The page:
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I think the pretense is spot on. Finally someone who gets the gist of it!You have some trouble translating it to gameworld examples though and miss some important targets, as well as the chance to convince others of the precision of your article. Many will write it off as technobabble (or in this case, biobabble). The concept of eco-systems and the comparison to progressive evolution and revolutionary disturbances is an interesting starting point so let me help you expand on it:I think you are giving some of the changes too little credit (considering the Supernerfs one after another essentially created IT-alliance and the HBC in the same foray; existing entities expanding their numbers tenfold to adjust for the numerical arms race). They are important because it upset the balance of financial resources and human resources.Most importantly though, even if i really enjoy seeing someone else describe it in terms of strategy and direction: is that you forgot to mention or translate that almost any change CCP have done; have also resulted in further advantages to the numerically advantegeous. I've used that analogy as a little pun on "Malcanis' law" for a number of years now, and jestingly called it "Noisrevbus' law". While Malcanis' law states that any targeted changes for the younger playerbase end up serving the older playerbase better, Noisrevbus' law states the similar for larger (and older) player-groups (corporations, alliances, coalitions).The conclusion of both "laws" is that CCP should engage in "full spectrum" design rather than targeted design that just end up serving the opposite and fracture the community further. You balance and counter-balance every aspect of EVE to include every player of EVE.This is can be exemplified in a couple of ways...As themeparks:If you create Wormholes because you are incapable of balancing the rest of Nullsec (or FW because you are equally incapable of balancing Lowsec), you create a themepark within the existing sandbox that will begin to vye for your attention and draw resources away from the sandbox.As direction:If you (in the sandbox; or the playground as a whole, should you imagine two kids on a swingboard) implement a change to one end of the (eco-) system yet leave it without counter-weight the ride will collapse and have one bum firmly planted in the sandbox.That last bit is the stump that tie the knot to what i'm trying to say: wether it's significant disturbances or less impactful changes they have all followed the direction of making numbers better.Let's look at that as well shall we?Nerfing Super HP and making sure they "need subcap support" doesn't mean existing groups will shed Supers in favour of more subcaps (especially not when Capitals can fill the need for subcaps anyway). What it will do instead is require more Supers (to overcome total mass of buffer and repairs), more ships (to fill the subcap need) and incidentally promote Capital support (since they can fire "subcap weapons", with better buffers and better projection). This nerf to Supers ended up feeding numbers as there was no equal counter-balance to numbers. It doesn't matter if nerfing Supers itself was warranted, as CCP left scaling unchecked.Nerfing Canes and Drakes or HML provide a similar example. CCP decided not to touch the fact that those ships were fielded because they were cheap to replace. They left numbers unchecked and instead embarked on a major resdesign-trip that has gobbled several expansions and alot of resources while the true plights of the game are still festering. There was nothing wrong with the old ship-balance beyond the fact that CCP have botched their economy and scaling. A Cruiser was appropriately powerful to a Battlecruiser - given it's pricetag prior to insurance. The same goes for a BC1 compared to a BC2 - it was 25% weaker but also 25% cheaper: prior to insurance. Do you see a trend here?Nerfing Damps and ECM improved Secondary tackle (Webs, Scrams, Neuts; the tackle with stopping power) and Logis. That means CCP altered the balance between damage volume and control (regarding Logi) as well as grid control between sensors and mobility; and with that the balance between catching and escaping. That last bit is important because it raised the value of numbers (superior numbers playing offensively from an advantageous position). It is also what (after the nano-nerf) cemented the rise of the Drake. Drakes didn't really kill most gangs they encountered: LR secondary tackle with Logi-support did. That's what cemented the projection-buffer tactics over all else.Now examine each of these isolated and wildly different examples, and then consider how much they have in common. All of them point in the same direction: cost-efficiency, grid-control and buffer-projection.It's been the winning concept for years. Take the grid, control it, push hostiles off it wether that is with something little, such as LR-webs and blap or something huge, such as putting systems in 100% CPU and full TiDi.All of these issues are one and the same direction: CCP's direction.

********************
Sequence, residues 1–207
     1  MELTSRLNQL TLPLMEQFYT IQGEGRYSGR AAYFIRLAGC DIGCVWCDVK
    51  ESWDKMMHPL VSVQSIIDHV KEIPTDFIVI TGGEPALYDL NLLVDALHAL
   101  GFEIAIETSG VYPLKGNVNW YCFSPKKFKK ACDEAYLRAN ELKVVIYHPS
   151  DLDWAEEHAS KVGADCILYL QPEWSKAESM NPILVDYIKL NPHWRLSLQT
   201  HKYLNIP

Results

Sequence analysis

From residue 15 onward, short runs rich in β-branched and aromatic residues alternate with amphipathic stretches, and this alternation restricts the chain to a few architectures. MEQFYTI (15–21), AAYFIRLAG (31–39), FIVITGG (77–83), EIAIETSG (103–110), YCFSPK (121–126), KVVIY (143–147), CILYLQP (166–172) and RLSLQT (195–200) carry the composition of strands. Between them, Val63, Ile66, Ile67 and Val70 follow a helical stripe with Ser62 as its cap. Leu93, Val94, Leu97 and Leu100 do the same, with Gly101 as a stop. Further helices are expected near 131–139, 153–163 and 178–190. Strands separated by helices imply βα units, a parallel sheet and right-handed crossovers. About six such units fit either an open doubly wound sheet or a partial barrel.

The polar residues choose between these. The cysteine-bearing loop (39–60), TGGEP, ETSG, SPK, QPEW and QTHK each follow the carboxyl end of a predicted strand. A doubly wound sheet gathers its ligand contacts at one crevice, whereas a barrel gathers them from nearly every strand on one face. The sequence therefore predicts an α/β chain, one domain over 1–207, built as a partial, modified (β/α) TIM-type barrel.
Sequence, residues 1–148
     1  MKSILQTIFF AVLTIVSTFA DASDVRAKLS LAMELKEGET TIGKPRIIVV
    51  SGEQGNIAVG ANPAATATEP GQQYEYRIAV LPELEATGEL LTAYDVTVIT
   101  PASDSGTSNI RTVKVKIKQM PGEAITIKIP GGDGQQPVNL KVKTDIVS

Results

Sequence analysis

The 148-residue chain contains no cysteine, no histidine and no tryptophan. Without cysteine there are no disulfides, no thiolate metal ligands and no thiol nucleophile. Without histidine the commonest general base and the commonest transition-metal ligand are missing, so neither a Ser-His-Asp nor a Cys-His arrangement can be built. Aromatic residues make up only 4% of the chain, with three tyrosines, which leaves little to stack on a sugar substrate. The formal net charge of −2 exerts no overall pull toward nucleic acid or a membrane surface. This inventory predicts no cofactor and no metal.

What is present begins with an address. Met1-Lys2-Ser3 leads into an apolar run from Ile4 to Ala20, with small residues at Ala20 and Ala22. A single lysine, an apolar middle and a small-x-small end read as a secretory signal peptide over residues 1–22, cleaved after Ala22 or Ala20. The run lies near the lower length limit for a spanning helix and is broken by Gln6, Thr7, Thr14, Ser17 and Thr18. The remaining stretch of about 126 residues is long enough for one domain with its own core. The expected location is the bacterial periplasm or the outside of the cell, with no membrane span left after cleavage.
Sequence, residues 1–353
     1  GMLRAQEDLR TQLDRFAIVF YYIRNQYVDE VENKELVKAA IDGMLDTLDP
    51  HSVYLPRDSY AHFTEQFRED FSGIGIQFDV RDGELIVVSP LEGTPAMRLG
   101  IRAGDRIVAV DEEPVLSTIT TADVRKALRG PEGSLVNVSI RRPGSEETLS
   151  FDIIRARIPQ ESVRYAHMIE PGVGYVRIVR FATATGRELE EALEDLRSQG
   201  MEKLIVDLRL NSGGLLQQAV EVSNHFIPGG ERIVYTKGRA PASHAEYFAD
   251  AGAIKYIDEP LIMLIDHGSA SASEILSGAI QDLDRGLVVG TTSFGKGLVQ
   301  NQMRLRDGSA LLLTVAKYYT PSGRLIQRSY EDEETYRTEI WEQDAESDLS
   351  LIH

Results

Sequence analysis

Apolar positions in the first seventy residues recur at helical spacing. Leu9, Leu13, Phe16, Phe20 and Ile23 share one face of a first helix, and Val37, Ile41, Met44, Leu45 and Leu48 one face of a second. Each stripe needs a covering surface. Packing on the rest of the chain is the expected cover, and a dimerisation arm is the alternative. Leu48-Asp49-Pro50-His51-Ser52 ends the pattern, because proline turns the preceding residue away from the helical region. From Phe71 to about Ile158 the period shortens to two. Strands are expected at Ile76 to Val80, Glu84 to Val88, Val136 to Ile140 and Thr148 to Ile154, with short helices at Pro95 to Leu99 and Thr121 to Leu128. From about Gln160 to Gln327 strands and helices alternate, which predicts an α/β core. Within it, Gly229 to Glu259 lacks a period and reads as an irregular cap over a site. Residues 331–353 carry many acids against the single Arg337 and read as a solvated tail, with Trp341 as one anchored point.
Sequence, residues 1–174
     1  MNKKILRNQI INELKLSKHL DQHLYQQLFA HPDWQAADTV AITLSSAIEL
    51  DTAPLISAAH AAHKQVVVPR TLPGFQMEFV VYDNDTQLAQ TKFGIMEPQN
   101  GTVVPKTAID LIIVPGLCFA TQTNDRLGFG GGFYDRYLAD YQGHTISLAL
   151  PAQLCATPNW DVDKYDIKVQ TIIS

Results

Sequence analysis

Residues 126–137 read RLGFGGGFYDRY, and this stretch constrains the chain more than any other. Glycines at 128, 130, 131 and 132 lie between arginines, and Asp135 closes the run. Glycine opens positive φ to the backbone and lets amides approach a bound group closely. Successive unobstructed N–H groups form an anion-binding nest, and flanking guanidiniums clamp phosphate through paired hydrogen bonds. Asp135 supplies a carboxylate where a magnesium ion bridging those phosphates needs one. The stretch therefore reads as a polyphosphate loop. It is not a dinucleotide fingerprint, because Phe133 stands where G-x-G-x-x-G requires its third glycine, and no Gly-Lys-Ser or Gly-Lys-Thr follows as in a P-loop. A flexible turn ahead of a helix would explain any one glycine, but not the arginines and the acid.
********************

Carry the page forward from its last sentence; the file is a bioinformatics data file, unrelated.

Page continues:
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Maybe i need to clarify the "direction" standpoint. It's a question of repetition. A hammer hitting a nail. Some strokes may be harder than others, but they are all driving the same direction.